Consumer Reports' September exposé of poor nursing homes has spurred a round of The Blame Game. Typically the game starts when investigators unearth abysmal facilities. Who is to blame? The ball is in the air. Evil owners? Prosecute them. Lackadaisical staff? Fire them. Weak regulations? Strengthen them. Insufficient money? Spend more. A few years after one round, another will start, sparked by another exposé.
The first round started after Medicare/Medicaid legislation (1965) steered substantial federal money toward nursing homes, giving Congress a substantial vested interest in assuring quality. (Arkansas Congressman David Pryor went undercover as an orderly in a nursing home.) Indeed, Consumer Reports' litany of horrors is outrageous: pressure sores in residents who have no risks for them; medications not given; calls for help ignored. Yet, in the early 1970s, too many homes were firetraps, owned by embezzlers. Those early investigators found patients tied to beds or drugged into lethargy. They found meager meals, omnipresent filth and no medical oversight. Read Sen. Frank Moss and Val Halamandaris's Too Old, Too Sick, Too Bad  or Old Age: The Last Segregation, by Ralph Nader's investigators . Those exposés prompted the first of a series of reform regulations.
This report, though, does more than detail the horrors. Crucially, it analyzes the conundrum: In a super-regulated industry, why are so many facilities sub-par?
The usual villain-to-blame is Medicaid. The government program pays for more than half the beds in the country. And states try to keep Medicaid reimbursement low. Presumably, facilities with higher Medicaid reimbursement, or fewer Medicaid beds, would give better care. Statisticians, though, found no strong correlation.
Another explanation -- the "few bad apples" one -- contends that most nursing homes are fine; a few outliers grab the headlines. Consumer Reports, though, found that those outliers fit a pattern. For-profit homes, particularly those owned by in-state chains, were more likely to deliver sub-par care. In a classic free-market model, those facilities, intent on wooing customers, might deliver better care than nonprofit ones. Yet residents are not customers: The person with Alzheimer's Disease cannot research better facilities; the person on a ventilator cannot pack up and leave. However awful a facility, most residents are trapped.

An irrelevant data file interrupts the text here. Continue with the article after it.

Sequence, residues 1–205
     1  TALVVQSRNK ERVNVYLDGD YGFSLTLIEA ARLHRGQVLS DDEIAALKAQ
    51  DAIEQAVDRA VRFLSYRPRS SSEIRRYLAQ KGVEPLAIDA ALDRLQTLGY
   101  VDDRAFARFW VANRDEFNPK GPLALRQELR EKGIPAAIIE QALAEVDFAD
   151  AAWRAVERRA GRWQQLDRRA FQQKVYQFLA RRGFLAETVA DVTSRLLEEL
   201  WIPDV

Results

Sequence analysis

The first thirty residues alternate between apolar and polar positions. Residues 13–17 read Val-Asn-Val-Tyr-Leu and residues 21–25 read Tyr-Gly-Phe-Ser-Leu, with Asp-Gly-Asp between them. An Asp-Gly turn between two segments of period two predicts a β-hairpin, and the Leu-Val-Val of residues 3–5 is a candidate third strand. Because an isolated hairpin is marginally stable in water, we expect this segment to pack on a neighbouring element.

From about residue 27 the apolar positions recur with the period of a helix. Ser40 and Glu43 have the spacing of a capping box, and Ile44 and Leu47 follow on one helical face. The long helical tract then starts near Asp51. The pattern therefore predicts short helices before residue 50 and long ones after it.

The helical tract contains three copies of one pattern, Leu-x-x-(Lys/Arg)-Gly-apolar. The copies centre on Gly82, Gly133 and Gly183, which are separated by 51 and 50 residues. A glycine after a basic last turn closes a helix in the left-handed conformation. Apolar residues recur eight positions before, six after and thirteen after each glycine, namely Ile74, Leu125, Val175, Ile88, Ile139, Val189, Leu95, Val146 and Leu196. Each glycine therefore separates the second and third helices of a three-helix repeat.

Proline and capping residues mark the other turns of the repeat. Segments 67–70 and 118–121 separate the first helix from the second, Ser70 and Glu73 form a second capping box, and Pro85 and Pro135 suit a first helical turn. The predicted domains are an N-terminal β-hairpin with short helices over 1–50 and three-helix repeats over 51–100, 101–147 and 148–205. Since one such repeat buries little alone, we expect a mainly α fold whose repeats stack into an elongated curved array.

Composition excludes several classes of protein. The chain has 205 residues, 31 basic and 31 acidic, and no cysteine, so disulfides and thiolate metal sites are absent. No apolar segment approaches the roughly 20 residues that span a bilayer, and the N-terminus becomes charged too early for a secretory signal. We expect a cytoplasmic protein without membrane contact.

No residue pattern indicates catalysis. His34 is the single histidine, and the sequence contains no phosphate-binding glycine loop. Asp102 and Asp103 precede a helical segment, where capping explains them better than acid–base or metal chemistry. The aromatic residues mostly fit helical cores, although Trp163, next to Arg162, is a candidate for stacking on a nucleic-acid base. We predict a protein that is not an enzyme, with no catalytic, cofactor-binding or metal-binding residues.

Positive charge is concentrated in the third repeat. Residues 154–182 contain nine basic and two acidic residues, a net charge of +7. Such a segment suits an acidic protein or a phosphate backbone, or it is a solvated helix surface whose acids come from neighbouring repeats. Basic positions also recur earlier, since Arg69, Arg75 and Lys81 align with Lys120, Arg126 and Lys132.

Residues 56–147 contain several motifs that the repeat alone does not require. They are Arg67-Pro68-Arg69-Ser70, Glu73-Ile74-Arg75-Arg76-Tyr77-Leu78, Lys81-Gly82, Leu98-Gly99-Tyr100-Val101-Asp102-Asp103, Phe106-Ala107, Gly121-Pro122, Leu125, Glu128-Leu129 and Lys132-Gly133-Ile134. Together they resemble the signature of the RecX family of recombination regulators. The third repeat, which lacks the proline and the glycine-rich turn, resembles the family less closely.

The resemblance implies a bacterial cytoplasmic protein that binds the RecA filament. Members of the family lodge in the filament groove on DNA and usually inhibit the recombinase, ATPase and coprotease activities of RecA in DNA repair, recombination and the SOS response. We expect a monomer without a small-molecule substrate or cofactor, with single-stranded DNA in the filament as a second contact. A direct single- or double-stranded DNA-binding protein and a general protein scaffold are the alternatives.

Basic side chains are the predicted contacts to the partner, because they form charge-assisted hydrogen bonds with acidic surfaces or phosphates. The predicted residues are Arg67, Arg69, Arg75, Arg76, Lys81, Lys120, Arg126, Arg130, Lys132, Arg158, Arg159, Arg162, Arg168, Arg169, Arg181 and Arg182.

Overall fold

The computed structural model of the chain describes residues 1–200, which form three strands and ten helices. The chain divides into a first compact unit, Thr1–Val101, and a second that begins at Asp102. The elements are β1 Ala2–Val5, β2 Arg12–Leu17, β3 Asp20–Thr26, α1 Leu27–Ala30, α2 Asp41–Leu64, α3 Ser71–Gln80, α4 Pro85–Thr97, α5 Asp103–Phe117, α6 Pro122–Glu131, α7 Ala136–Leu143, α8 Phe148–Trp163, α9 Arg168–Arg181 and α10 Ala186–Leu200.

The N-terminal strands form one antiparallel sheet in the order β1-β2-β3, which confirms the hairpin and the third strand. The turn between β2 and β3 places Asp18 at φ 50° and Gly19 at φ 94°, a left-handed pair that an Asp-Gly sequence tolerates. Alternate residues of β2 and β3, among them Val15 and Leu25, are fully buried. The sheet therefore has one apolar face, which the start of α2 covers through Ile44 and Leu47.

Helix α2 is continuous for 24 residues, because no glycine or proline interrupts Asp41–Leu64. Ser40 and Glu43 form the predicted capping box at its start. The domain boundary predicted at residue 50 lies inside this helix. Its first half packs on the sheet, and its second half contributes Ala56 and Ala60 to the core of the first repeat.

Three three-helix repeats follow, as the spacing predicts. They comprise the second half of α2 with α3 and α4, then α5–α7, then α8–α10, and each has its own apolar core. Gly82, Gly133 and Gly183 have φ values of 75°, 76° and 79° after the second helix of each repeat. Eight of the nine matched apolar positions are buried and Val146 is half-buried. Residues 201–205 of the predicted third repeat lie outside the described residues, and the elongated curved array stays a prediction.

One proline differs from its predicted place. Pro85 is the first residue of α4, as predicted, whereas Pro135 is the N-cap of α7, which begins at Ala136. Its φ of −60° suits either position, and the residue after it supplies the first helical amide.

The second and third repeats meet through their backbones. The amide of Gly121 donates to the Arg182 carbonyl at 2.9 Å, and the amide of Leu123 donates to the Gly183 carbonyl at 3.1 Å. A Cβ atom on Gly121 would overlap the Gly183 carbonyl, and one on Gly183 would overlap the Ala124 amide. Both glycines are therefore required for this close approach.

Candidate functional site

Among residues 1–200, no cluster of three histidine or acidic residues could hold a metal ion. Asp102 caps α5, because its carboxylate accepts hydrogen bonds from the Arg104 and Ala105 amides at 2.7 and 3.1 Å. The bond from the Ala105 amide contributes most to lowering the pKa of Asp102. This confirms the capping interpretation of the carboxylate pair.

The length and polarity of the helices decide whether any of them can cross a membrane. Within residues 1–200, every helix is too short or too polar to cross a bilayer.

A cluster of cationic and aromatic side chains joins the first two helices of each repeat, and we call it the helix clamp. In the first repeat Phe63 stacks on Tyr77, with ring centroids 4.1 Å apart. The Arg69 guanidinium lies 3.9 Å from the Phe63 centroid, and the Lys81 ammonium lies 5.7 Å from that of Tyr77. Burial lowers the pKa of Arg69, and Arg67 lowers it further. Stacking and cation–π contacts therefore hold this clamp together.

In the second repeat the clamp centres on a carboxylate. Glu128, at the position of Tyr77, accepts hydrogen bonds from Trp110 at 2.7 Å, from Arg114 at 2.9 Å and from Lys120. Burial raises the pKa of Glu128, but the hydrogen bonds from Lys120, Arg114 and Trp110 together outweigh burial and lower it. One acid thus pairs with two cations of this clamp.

This report does not call strongly for more regulations (though it notes that the federal government does not specify minimum staffing per resident). Indeed, in an industry where so many staff spend so much time filling out paperwork, it would be hard to call for more regulations.
Instead, this report tosses the blame-ball to states. States regulate nursing homes, and state legislatures, swayed by facility owners and lobbyists, have given a not-so-subtle message to inspectors: Go easy. Facilities routinely challenge poor surveys, appeal citations, fight down fines. And states yield.
For instance, the federal Centers for Medicare and Medicaid Services reported a 7.6% increase in deficiencies written by state inspectors since 2003 -- but fewer deficiencies carry the codes that denote actual harm to a patient. With a low-grade deficiency, a facility submits a "plan of correction" and continues to operate.
The 1987 federal nursing home reform law let states impose fines, but states have set token amounts and fined only 50% of the homes that they could have. Of 12 five-time repeaters on the list of poor homes, eight received no fines between 1999 &endash; 2004. As for shutting down a home, the federal government closed only eight in 2005, and states rarely invoke that power.
This investigation into 16,000 homes nationwide was both exhaustive and specific. For each state, Consumer Reports cites both the high-performing and the low-performing homes. Spurred on by the lists, nursing home reform advocates, coupled with reporters, will doubtless force states to be more vigilant.
Yet for-profit nursing homes are driven by profit. However compassionate the staff, however principled the administrators, the bottom line for many homes is not patient care, but the same bottom line that drives all businesses. Consider the correlation among patient care, costs and profits. If administrators let the quality of care drop (fewer staff, less training, less equipment), costs will drop and profits rise. Residents are too frail, too vulnerable to complain, much less leave. But if administrators raise the quality of care, costs will rise and profits drop. Shareholders will complain.
Watch for another round of the Blame Game in a few more years.
Joan Retsinas is a sociologist who writes about health care in Providence, R.I. Email firstname.lastname@example.org.
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